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Pharmacist who would not fill miscarriage prescription is out

PETOSKEY (AP) — A pharmacist accused of refusing to fill a prescription to help a woman complete a miscarriage no longer works for the Meijer retail chain.

Meijer spokeswoman Christina Fecher says the pharmacist last worked in July. She didn't say whether he was fired from the Petoskey store in northern Michigan.

Rachel Peterson last week said the pharmacist refused to fill a prescription for misoprostol in July so she could accelerate a miscarriage and avoid infection. She says he cited his religious beliefs. Misoprostol is sometimes taken as part of a drug combination to induce abortion.

Meijer says the pharmacist should have allowed someone else to fill the prescription. Peterson later got the medication from a Meijer near her home in Ionia, hours away.
Fecher says Meijer apologizes "for any customer experience that does not align with our core values."

Justice Kagan discusses pro bono service with ABA president

In honor of the 10th anniversary of the National Celebration of Pro Bono, American Bar Association President Bob Carlson will meet with U.S. Supreme Court Associate Justice Elena Kagan at Georgetown University Law Center to discuss pro bono service Wednesday in Washington, D.C.

The National Celebration of Pro Bono began in 2009 to showcase pro bono service. Kagan is the honorary chair of the 2018 National Celebration of Pro Bono.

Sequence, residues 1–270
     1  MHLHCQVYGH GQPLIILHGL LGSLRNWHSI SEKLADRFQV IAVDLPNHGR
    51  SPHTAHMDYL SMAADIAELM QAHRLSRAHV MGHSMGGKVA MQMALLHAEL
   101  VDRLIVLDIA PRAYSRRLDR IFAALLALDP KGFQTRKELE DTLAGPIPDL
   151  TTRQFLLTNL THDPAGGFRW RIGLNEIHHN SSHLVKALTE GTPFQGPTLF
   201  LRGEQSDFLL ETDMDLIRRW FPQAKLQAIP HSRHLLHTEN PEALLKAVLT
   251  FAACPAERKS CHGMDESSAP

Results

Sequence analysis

The annual week of service has focused on specific themes in the past four years, including legal services to veterans and homeless youth.

Last year was a record year for natural disasters across the country and Carlson has chosen to highlight pro bono services directed at disaster resiliency as this year’s theme.

MoviePass operations under investigation by New York AG

NEW YORK (AP) — The company that runs the beleaguered MoviePass discount service for theater tickets is being investigated by the New York Attorney General on allegations that it misled investors.

Parent company Helios and Matheson of New York said it is aware of the investigation but believes, “our public disclosures have been complete, timely and truthful and we have not misled investors.”

The investigation was first reported by CNBC.

The company has struggled financially and is facing class action lawsuits filed on behalf of investors claiming the company failed to disclose aspects of a business model that were unsustainable.

‘Brazen Botanist’ sentence to jail for plant thefts

SALEM, Mass. (AP) — A man who police dubbed the "Brazen Botanist" after he was captured on a surveillance camera stealing plants from a porch has pleaded guilty.
The Salem News reports Joseph Gardner, 43, was sentenced to one year in jail.

Police say a man was seen on a doorbell camera taking hanging plants from a Salem home during the early morning hours on May 16. Tips to police lead them to Gardner's girlfriend's home where they found two of the three missing plants.

Police recovered the plants and returned them to the owner.Gardner's attorney says he had been working as a landscaper before his arrest.


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